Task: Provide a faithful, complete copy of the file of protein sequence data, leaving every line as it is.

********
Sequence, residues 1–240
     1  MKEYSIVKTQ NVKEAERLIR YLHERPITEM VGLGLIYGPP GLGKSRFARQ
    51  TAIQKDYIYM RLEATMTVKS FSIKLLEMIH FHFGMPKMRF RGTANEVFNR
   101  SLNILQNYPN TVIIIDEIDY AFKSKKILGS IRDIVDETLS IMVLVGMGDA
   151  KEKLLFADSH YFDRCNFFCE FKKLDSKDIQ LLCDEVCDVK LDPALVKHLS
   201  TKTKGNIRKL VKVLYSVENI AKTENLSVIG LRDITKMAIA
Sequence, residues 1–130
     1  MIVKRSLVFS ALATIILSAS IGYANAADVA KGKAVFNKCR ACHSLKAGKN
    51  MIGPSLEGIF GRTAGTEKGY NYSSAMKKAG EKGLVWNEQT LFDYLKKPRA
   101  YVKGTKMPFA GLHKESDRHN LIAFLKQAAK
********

Sequence, residues 1–240
     1  MKEYSIVKTQ NVKEAERLIR YLHERPITEM VGLGLIYGPP GLGKSRFARQ
    51  TAIQKDYIYM RLEATMTVKS FSIKLLEMIH FHFGMPKMRF RGTANEVFNR
   101  SLNILQNYPN TVIIIDEIDY AFKSKKILGS IRDIVDETLS IMVLVGMGDA
   151  KEKLLFADSH YFDRCNFFCE FKKLDSKDIQ LLCDEVCDVK LDPALVKHLS
   201  TKTKGNIRKL VKVLYSVENI AKTENLSVIG LRDITKMAIA
Sequence, residues 1–130
     1  MIVKRSLVFS ALATIILSAS IGYANAADVA KGKAVFNKCR ACHSLKAGKN
    51  MIGPSLEGIF GRTAGTEKGY NYSSAMKKAG EKGLVWNEQT LFDYLKKPRA
   101  YVKGTKMPFA GLHKESDRHN LIAFLKQAAK